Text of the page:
We rescued Solio in 2010. Her mother was likely a victim of the poaching epidemic that decimated the black rhino population in Kenya. Solio arrived at the Nursery as a surly, frightened calf, but soon fell in love with her men in green. As our Keepers nurtured her through her infancy, they also helped her navigate the incredibly complex reintegration process. In time, Solio earned her place among Nairobi National Park’s wild black rhino community. For any orphaned creature, but particularly rhinos, wild-born offspring are the best possible measure of a successful reintegration. With Sultan and now Savannah, Solio is also making a momentous contribution to her species.

January 2022 day to day

01 Jan

As the New Year started, all the Keepers and orphans were excited to commence their day out in the forest. As soon as they got to the forest, Mukkoka, Naboishu, Larro, Barnoti, Bondeni, Roho, Suguroi, Olorien and Kinyei all began charging around the forest, bush bashing and trumpeting in excitement. Kinyei and Roho’s friendship continues to grow day by day and they can almost always be seen enjoying a playful moment together whilst in the forest. After dashing around together, they enjoyed a playful dust bath together, where they would slide against one another and climb on each other’s backs.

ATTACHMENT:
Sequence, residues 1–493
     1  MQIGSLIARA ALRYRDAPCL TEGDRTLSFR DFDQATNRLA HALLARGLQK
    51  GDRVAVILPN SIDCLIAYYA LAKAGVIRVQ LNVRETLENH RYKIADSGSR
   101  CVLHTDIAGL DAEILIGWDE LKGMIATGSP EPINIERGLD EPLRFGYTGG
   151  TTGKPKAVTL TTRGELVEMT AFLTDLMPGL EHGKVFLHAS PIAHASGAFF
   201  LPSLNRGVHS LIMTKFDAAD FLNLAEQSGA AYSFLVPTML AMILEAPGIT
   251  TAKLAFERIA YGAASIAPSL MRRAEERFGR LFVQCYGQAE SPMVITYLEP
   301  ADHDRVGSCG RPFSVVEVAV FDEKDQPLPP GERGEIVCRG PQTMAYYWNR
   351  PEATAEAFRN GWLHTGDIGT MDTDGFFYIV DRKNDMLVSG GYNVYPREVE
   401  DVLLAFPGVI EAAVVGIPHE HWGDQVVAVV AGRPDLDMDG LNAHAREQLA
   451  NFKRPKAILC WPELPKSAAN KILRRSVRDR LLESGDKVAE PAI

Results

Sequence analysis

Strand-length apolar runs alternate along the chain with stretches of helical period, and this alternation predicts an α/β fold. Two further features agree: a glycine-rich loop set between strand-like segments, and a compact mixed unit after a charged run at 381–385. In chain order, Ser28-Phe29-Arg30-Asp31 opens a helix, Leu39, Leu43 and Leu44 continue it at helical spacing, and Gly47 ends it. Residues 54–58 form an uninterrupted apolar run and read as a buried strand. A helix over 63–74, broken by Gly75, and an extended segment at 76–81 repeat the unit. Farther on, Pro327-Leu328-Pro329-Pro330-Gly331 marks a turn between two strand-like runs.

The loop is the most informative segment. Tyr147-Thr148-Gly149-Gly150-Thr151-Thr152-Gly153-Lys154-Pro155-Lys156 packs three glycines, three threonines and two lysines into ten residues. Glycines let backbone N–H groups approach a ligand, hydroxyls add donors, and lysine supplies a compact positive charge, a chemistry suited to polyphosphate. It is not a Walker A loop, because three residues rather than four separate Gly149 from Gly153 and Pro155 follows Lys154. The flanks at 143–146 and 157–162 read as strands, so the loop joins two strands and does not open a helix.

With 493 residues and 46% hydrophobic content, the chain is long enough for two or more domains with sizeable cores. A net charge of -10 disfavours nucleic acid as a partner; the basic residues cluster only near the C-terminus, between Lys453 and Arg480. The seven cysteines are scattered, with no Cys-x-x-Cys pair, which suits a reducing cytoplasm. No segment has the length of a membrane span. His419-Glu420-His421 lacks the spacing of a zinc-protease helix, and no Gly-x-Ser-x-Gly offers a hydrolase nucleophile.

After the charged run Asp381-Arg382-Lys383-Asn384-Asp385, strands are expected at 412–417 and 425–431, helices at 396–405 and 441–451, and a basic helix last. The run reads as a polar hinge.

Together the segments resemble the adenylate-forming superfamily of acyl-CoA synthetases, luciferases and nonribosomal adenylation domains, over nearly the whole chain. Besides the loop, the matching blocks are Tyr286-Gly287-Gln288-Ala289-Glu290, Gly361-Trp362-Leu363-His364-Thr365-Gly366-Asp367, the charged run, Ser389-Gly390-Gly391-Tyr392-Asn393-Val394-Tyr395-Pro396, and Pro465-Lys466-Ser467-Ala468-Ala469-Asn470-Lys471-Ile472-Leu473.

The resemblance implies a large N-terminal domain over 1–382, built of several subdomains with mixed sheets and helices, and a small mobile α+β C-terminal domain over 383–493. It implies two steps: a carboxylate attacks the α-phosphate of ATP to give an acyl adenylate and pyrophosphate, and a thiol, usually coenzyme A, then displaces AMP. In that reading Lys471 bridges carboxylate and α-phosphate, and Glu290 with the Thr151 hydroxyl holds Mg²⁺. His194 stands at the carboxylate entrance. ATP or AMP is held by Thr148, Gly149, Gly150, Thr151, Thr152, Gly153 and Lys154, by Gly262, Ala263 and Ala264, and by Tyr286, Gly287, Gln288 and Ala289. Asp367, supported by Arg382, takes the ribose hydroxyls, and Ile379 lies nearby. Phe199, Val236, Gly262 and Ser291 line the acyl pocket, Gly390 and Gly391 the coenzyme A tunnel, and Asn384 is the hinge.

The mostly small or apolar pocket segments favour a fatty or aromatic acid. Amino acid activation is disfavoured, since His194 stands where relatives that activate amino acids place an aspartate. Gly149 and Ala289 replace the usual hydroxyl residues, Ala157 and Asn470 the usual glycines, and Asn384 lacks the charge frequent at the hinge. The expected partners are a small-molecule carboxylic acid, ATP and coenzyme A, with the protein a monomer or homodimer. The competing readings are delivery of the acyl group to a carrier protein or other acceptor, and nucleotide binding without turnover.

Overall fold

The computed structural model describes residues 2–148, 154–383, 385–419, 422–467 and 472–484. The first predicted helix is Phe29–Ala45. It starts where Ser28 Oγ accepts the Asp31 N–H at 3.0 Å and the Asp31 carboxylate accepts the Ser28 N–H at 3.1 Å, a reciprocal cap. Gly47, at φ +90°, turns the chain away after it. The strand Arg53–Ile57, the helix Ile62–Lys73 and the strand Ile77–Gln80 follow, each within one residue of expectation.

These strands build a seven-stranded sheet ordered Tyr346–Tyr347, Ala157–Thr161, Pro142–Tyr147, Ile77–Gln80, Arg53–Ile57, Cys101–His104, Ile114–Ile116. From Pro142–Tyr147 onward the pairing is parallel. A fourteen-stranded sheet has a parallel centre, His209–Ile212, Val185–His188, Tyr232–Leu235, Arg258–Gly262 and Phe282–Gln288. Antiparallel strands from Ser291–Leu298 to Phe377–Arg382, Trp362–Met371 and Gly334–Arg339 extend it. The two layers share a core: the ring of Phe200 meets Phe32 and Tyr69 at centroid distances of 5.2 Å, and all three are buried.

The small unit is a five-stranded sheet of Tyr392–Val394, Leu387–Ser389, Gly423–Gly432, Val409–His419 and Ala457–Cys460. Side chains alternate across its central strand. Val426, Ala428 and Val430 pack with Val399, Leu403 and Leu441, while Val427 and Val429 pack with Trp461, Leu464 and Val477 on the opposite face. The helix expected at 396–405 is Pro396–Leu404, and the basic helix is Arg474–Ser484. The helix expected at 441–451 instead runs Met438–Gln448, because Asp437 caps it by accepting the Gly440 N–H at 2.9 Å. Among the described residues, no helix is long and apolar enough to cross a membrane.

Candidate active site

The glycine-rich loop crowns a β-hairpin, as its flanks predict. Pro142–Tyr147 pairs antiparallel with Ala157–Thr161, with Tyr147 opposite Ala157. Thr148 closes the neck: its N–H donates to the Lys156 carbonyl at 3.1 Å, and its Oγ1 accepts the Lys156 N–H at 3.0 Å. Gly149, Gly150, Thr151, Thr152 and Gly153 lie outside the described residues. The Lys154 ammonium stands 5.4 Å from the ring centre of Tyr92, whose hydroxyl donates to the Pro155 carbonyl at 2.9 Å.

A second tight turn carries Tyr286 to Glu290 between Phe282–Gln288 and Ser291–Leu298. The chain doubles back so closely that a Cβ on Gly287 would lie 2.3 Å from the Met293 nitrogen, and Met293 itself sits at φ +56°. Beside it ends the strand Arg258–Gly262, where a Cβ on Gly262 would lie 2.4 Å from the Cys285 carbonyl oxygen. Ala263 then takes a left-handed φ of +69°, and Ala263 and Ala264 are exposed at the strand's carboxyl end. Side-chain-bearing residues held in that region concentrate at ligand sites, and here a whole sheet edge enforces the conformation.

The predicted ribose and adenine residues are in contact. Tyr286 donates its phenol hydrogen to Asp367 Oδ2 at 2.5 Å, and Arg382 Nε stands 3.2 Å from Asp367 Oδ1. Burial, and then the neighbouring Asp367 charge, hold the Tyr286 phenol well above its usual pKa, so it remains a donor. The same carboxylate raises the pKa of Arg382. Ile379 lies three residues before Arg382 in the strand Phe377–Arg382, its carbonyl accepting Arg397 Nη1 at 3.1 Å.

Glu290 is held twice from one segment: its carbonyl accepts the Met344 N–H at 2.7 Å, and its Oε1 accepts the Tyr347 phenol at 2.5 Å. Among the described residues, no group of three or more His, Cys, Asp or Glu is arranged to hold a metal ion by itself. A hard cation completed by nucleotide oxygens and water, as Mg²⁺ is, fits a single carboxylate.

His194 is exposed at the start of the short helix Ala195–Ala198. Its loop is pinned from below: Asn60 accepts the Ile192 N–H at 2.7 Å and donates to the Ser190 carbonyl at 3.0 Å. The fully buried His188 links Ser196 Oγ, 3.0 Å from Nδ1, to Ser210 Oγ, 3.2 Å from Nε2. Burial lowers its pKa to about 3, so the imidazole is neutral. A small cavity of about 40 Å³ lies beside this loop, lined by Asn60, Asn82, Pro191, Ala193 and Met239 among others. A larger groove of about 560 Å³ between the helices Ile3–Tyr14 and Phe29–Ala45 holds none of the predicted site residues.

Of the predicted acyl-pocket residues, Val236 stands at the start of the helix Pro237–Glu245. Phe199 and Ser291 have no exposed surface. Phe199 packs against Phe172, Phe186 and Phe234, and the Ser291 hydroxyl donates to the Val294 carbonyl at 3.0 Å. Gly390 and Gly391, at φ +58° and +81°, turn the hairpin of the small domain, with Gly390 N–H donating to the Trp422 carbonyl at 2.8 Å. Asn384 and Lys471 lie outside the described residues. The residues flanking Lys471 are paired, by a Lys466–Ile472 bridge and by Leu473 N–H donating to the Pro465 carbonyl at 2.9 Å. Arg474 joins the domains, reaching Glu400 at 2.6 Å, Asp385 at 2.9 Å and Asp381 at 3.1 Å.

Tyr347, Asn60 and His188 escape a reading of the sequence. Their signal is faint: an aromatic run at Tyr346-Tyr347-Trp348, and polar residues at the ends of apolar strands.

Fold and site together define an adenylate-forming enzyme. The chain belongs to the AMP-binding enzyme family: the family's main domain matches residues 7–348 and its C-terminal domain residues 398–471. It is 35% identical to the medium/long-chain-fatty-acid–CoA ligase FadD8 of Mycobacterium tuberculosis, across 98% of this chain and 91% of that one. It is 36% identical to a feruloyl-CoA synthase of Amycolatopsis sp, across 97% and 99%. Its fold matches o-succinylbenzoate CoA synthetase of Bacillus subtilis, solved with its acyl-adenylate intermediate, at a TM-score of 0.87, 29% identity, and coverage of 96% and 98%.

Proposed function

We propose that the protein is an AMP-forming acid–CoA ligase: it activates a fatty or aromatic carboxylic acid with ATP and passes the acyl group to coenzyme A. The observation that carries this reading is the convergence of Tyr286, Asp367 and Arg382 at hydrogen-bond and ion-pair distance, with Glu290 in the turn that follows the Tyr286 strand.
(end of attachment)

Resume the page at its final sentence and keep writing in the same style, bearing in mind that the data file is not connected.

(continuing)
On the other hand, Naleku, Olorien, Kindani and Larro were all busy carrying out their daily routine of checking on little Kerrio as she walked through the herd. Naleku continues to be absolutely besotted by Kerrio, and Kerrio continues to melt everyone’s hearts as she is just the gentlest and sweetest girl. Olorien, Kindani and Larro although they too dote upon Kerrio, they will not spend all day with her as they will move around checking on the other orphans in the herd.

Naleku continues to be such an independent girl, but as Larro is getting closer to graduating, the Keepers believe that Naleku will take over the role of matriarch of the Nursery herd as she continues to show such a caring and protective side to her. When she is by Kerrio’s side, you can see her constantly giving Kerrio small trunk hugs to make sure she is okay. 

Roho and Kinyei playing together

Suguroi browsing